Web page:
She doesn’t think that she’s changed. “I think I’m myself. It happens to be a little left of center. I’m lucky I found a niche and it works and people like it.”
However, she admits the newer album—while hardly the “softer side of Miranda”—shows a more complete picture of her. And that’s partly because her life has evolved thanks to personal and professional success.
“I think I started to get a little more positive on Revolution. And I think it is time. Definitely I’m happier and a little more settled and it’s showing in my record.”
Having people accept the songs she pens has been a primary ambition, even when she began performing as a teenager. “I always wanted to work in originals. Songwriting was my No. 1 goal.”
For reference, she draws from the writing of two men she considers originals. “I would say Merle Haggard and Guy Clark,” the latter of whom she’s written with, “Would be my top two songwriting influences. I think it’s just real music.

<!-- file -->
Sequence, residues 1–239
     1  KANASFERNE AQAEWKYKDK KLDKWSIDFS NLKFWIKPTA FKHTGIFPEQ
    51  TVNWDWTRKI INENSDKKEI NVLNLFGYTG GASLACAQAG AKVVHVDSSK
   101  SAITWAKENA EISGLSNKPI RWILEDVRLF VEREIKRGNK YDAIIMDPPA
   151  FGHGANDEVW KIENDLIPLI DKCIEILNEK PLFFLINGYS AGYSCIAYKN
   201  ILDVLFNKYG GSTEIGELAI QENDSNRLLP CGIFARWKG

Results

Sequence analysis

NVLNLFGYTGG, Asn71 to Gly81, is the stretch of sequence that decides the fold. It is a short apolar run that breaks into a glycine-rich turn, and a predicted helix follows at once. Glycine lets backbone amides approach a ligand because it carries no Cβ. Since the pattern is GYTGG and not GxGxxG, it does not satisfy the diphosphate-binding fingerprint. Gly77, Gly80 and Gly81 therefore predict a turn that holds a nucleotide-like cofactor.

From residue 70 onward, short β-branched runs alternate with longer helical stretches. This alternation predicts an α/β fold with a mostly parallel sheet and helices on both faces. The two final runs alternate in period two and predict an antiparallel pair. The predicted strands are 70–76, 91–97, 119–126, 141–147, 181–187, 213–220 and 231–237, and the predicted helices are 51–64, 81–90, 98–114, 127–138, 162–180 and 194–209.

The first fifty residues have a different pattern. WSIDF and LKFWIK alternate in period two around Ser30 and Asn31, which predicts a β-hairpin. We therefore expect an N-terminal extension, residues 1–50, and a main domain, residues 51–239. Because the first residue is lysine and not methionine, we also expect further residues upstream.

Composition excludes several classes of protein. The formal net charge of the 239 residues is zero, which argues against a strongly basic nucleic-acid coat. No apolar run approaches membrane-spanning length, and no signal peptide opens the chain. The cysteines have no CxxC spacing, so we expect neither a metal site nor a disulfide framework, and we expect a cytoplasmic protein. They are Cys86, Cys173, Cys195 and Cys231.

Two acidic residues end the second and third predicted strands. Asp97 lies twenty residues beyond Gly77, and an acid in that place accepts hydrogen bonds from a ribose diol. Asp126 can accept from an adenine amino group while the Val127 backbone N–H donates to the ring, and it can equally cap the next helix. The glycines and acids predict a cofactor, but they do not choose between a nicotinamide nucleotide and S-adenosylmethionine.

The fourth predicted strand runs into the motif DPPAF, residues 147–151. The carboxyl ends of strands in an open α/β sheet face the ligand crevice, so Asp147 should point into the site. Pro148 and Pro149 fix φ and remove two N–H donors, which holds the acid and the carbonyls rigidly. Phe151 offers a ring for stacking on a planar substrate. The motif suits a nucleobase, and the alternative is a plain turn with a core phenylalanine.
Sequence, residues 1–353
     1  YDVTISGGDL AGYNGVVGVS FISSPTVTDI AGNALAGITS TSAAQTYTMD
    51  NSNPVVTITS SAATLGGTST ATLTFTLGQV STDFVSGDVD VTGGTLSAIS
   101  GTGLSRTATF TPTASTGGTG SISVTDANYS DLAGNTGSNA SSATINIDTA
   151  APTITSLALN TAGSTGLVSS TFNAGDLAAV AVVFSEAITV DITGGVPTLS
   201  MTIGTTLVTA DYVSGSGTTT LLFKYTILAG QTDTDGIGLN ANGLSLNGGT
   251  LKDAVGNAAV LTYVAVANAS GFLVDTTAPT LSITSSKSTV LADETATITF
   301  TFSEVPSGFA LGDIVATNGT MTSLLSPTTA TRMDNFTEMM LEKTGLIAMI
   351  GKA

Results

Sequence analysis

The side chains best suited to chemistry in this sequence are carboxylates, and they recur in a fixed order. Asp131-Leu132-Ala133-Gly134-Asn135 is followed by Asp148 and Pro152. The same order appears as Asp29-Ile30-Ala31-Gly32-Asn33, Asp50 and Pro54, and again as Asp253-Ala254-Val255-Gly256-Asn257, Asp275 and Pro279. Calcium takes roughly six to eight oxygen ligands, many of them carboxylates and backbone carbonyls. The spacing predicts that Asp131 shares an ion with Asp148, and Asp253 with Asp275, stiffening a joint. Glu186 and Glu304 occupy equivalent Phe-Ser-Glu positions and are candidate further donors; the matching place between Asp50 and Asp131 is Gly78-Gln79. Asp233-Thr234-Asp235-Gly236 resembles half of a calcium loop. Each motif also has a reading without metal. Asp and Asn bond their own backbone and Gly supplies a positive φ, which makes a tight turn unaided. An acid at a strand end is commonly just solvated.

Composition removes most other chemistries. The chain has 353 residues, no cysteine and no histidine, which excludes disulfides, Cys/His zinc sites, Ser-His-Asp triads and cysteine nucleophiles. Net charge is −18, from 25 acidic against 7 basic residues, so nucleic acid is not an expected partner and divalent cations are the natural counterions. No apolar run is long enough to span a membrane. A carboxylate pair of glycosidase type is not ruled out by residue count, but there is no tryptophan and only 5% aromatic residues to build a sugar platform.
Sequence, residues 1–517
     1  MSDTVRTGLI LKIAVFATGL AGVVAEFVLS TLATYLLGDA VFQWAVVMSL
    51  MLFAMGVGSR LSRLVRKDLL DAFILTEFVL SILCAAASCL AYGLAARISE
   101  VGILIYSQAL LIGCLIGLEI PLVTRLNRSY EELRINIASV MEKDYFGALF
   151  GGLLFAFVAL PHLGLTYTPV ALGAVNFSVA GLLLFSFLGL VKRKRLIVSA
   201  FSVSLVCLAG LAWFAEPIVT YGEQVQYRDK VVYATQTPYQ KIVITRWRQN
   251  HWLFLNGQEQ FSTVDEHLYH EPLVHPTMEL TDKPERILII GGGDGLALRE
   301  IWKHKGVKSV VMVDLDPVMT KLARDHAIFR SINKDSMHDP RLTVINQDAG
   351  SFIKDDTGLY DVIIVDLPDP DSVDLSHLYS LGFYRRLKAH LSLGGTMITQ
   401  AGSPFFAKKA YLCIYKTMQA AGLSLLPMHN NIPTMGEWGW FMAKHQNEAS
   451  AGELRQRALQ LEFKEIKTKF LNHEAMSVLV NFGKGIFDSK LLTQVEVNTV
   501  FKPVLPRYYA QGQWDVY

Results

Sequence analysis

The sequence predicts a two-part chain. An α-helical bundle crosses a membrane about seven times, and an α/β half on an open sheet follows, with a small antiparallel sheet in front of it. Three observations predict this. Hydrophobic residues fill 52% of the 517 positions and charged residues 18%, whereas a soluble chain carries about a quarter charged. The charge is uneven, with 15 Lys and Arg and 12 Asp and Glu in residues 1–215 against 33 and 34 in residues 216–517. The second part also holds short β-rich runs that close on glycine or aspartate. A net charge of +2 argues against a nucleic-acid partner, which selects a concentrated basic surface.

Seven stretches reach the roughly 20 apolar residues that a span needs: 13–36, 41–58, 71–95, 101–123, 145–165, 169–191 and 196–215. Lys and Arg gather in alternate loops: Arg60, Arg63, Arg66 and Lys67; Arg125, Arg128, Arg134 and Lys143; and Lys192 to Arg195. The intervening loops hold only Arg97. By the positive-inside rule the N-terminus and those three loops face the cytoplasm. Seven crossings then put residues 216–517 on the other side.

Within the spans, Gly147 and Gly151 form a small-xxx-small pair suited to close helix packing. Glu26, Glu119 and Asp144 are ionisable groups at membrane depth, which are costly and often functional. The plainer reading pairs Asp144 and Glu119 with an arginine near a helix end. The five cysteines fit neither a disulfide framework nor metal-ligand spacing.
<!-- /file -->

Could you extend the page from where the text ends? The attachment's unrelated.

“I love songwriters who write about real things and keep it about life and things that happen in your life. I don’t like fluff and they are far away from fluff.”
Her own music—including a tough “Sin for Sin” she co-wrote with Shelton for Revolution—hardly could be called “fluff.”
Like her heroes, she likes to use reflections of real, sometimes gritty life in the songs she writes and in those she chooses to cover.
She wrote or co-wrote 11 of Revolution’s 15 songs. And she’s not slowing down, even as the pressures and pulls of stardom mount. “I’m doing a lot. After this record came out, it inspired me to keep writing and keep making music.”
Still, there is a softer side to this singer, particularly displayed in the types of music she chooses to download. Not all of it is Haggard, Clark or has the carousing and love-him/dump-him flavor one might expect.
“I listen to everything; I really do. I’m a big fan of all kinds of music.
“Lately, I listen to Michael Bublé a lot,” she says, revealing affection for that romantic singer. “I’m going to see him in Denver. Blake is taking me. It’s a belated Valentine’s gift.”